Ambulance union says ‘significant’ pay offer would avert tomorrow’s strike

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An ambulance union has said that unless a “significant” offer is made by the Government today,  strike action will still go ahead on Wednesday.

Rachel Harrison, national secretary for the GMB union, told BBC Breakfast that her meeting with health secretary Steve Barclay “certainly went better than previous meetings”.

“Yesterday was a real shift, because there was that willingness from the Secretary of State and from his team to listen to us, to talk to us about pay for next year specifically, but unfortunately the meeting wasn’t progressive enough for us to be able to suspend the strike action tomorrow because no offer has yet still been made,” she added.

Ms Harrison said: “We remain hopeful – GMB members working across the ambulance service in the NHS do not want to take strike action. GMB called off our second day of action on December 28 in recognition of the amazing public support that we’ve had and to give the Government time to come to the table and talk to us about pay.”

“The sad reality is that they left that until this week to discuss and now it is too late because unless an offer is made today that is significant enough for us to consult our delegates and our national committee members on, that strike will still go ahead. The fact that they’re in the room and attempting to talk to us about pay is progress, but it’s just not moving quick enough.”

The news comes as ministers have been warned that new laws requiring minimum levels of service from ambulance staff, firefighters and railway workers during industrial action risk triggering a fresh clash with the unions.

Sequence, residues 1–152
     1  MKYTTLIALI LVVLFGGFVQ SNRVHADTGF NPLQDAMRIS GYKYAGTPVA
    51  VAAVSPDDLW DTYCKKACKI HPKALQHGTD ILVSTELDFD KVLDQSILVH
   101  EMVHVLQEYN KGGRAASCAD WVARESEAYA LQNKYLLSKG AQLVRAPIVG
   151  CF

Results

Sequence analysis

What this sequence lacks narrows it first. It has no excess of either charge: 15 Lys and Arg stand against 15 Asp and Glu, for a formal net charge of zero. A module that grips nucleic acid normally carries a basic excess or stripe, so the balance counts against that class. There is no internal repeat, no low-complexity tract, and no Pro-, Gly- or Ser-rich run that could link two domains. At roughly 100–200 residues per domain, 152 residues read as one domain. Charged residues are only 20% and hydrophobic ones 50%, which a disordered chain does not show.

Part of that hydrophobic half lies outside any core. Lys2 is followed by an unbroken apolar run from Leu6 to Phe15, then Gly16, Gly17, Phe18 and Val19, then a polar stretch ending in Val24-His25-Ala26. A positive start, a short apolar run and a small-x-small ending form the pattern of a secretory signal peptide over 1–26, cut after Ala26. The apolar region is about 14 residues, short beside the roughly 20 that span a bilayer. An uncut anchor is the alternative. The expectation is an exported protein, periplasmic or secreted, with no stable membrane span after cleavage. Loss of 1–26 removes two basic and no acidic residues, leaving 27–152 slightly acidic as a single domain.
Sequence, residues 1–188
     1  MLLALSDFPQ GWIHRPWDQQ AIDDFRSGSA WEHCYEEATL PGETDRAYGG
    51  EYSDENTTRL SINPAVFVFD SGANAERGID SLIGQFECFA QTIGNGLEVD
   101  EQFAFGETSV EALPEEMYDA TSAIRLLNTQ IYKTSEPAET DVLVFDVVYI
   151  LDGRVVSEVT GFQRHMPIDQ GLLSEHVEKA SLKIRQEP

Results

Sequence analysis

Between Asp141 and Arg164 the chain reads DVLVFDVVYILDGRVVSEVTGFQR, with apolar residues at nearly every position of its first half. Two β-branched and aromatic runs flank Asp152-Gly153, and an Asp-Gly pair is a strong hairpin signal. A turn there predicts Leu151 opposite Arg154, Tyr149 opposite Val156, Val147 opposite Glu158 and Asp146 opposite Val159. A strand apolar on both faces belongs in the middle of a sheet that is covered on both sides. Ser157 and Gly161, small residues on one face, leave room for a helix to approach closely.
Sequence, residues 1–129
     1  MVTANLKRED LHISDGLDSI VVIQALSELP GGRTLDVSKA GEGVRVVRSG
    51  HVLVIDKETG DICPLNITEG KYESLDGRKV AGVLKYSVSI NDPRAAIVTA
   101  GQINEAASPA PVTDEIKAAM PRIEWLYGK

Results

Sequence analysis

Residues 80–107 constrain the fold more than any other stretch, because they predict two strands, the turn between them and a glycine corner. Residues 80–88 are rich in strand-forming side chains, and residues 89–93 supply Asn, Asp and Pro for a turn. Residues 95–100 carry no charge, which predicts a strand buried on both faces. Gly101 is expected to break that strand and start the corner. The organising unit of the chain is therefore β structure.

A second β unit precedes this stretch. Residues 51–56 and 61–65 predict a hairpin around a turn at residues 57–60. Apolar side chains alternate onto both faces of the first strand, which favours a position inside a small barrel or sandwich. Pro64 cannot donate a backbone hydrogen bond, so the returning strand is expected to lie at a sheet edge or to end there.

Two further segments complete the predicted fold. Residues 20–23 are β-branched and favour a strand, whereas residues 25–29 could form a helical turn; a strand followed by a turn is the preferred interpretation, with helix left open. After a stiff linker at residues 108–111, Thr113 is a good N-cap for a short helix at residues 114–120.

Business Secretary Grant Shapps has claimed the new legislation, being introduced in the Commons on Tuesday, is a “common-sense” response to the wave of industrial unres but unions have said it could see key workers facing the sack if they exercise their right to strike, and that if it becomes law it could “poison industrial relations” and lead to more walkouts.

Mr Shapps said the new Bill would end the “postcode lottery” seen during the ambulance strike, when differing levels of service were agreed by striking unions with local NHS organisations.

“I don’t think any civilised society should have a situation where we can’t get agreement to, for example, have an ambulance turn up on a strike day for the most serious of all types of ailments,” he told Times Radio.

On Sky News, Mr Shapps said: “The problem we had in the recent strikes was that the Royal College of Nursing – that’s the nurses – did make that agreement at the national level so there was a guarantee.

“Unfortunately, the ambulance unions didn’t do that last time round, so there was a sort of regional postcode lottery. That’s the thing we want to avoid.

“That’s why today I’ll introduce minimum safety levels and service levels for key public services to make sure that we don’t end up in a situation where people’s lives are at risk, while still respecting the right to withdraw labour and strike.”

He played down the prospect of union members being sacked for refusing to work in line with the new law and insisted the Government is prepared for the legislation to be challenged in the courts.

Mr Shapps also said the Government wants to end “forever strikes” on the rail network and argued that new anti-strike legislation would bring the UK “into line” with other European countries.

“Everyone knows we want to bring these strikes, which in some cases, railways for example, seem to have turned into sort of forever strikes,” he said.

“We want to bring this to a close and the Government is bending over backwards to do that.”

 

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